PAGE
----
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In the following sample code two classes EventA and EventB both implement the interface Historical. Java can automatically cast an EventA or EventB to Historical when one of these objects is passed as a parameter, as in the examineEvent method below. However, Java is no longer able to cast when a generic is introduced ie. from List<EventA> to List<Historical> -- Unless the target function (in this case findClosestValidEventIndex) is declared using List<? extends Historical>.

Can someone explain why this must be? It seems to me that the very use of an interface in a generic should automatically imply the <? extends Interface>.

public class SampleApplication {

   public interface Historical {
      public DateTime getDate();

   public static class EventA implements Historical {
      private DateTime date;
      public DateTime getDate() {
         return date;

   public static class EventB implements Historical {
      private DateTime date;
      public DateTime getDate() {
         return date;

   private static int findClosestValidEventIndex(List<Historical> history, DateTime when) {
      // do some processing
      return i;

   private static int examineEvent(Historical event){
      return j;

   public static void main(String[] args) {
      DateTime target = new DateTime();
      // AOK
      EventA a = new EventA(target);
      int idy = examineEvent(a);
      // Type Error --- Unless 
      List<EventA> alist = new ArrayList<EventA>();
      int idx = findClosestValidEventIndex(alist, target);
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up vote 6 down vote accepted

Because List<EventA> is not List<Historical>. Imagine:

List<EventA> list = ...;
List<Historical> h = (List<Historical>) list;
h.add(new EventB()); //type-safety of list is compromised
for (EventA evt : list) { // ClassCastException - there's an EventB in the lsit

List<? extends Historical> means "a list of a one specific subtype of Historical", and you cannot add anything to it, because at compile time you don't know what the type is.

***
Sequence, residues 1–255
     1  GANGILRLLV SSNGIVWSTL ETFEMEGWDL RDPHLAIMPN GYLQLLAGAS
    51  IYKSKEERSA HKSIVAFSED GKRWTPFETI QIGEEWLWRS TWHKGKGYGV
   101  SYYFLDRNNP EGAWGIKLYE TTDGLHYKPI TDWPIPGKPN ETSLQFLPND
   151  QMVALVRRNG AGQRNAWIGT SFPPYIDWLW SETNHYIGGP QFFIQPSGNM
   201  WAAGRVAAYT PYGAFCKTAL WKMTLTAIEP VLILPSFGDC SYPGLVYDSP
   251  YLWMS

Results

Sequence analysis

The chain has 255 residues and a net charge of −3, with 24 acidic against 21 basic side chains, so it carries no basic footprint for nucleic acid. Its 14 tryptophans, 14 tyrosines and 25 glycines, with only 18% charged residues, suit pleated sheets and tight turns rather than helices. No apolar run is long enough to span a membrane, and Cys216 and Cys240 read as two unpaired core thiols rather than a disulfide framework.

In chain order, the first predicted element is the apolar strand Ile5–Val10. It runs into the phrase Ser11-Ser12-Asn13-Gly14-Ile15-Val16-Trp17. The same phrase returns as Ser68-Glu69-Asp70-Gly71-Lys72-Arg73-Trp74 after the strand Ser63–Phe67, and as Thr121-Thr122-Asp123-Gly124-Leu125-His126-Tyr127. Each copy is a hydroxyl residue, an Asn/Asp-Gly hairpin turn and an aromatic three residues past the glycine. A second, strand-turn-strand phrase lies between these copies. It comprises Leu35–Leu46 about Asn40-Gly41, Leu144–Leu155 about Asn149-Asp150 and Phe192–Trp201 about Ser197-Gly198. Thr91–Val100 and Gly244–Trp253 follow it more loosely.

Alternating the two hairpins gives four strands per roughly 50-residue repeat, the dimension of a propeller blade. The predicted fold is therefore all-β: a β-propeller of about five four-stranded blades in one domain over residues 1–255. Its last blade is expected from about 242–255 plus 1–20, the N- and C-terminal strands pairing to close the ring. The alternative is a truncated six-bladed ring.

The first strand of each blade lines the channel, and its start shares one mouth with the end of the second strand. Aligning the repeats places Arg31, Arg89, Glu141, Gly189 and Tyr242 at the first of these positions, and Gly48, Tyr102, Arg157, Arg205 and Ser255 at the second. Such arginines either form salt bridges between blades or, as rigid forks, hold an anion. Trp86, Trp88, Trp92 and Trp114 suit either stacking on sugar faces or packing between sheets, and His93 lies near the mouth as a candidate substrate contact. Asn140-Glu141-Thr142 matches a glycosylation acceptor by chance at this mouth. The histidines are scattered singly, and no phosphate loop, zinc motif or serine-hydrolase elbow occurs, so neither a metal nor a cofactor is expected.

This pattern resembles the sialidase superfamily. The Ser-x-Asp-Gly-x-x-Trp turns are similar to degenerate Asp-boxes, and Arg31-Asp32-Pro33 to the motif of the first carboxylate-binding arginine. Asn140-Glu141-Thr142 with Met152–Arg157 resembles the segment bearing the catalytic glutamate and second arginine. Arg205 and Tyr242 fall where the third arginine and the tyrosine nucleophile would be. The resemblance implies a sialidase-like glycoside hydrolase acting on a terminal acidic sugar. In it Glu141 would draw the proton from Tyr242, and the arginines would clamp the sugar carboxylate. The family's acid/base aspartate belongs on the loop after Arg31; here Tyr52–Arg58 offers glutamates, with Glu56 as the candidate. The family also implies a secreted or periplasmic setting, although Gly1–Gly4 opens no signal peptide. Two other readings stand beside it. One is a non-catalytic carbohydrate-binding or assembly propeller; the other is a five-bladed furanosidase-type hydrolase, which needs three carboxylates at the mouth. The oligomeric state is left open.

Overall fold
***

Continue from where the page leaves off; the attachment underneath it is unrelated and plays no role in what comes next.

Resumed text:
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OK, I see your point. Thanks! – Colin May 31 '11 at 17:37

It can't always use extends, because sometimes you may need different behaviour.

Covariance (extends) is needed when generic object is used as a producer. When generic object is used as a consumer, you need contravariance (super). Practical rule is "producer - extends, consumer - super":

public void getEventFromHistory(List<? extnds Historical> history) {
    Historical e = history.get(0); // history is a producer of e

public void addEventAToHistory(List<? super EventA> history) {
    history.add(new EventA()); // history is a consumer

// Possible usage
List<EventA> sequenceOfEventsA = ...;

List<Historical> history = ...;
share|improve this answer
The rule you present sounds useful but I am not sure I understand the need for ? super. Is this basically declaring a weakly typed Object pointer? Are you still able to use the super class's methods when accessing a generic method of this type? – Colin May 31 '11 at 17:35
@Colin: Didn't get your comment. Perhaps updated code sample makes more sense. – axtavt Jun 1 '11 at 8:41
No problem, I think I understand your point. – Colin Jun 1 '11 at 21:45

You cannot pass in a a collection bound to a subclass to a method argument which is bound to a collection of super class.

It's because the declaration List history by definition means that it is a list that is capable of holding anything that extends Historical. Which means you can add either EventA or EventB or a mix of those types into this collection.

But List<EventA> means a list which can support only objects of type EventA or a subtype of that. Such a list cannot contain EventB added into it.

Therefore, Java doesn't allow you to pass a List<EventA> as a valid argument to a method parameter which expects a List<Historical>. After all, though there is a inheritance relationship between Historical and EventA and Historical and EventB, there's no such relationship between a List<Historical> and a List<EventA>.

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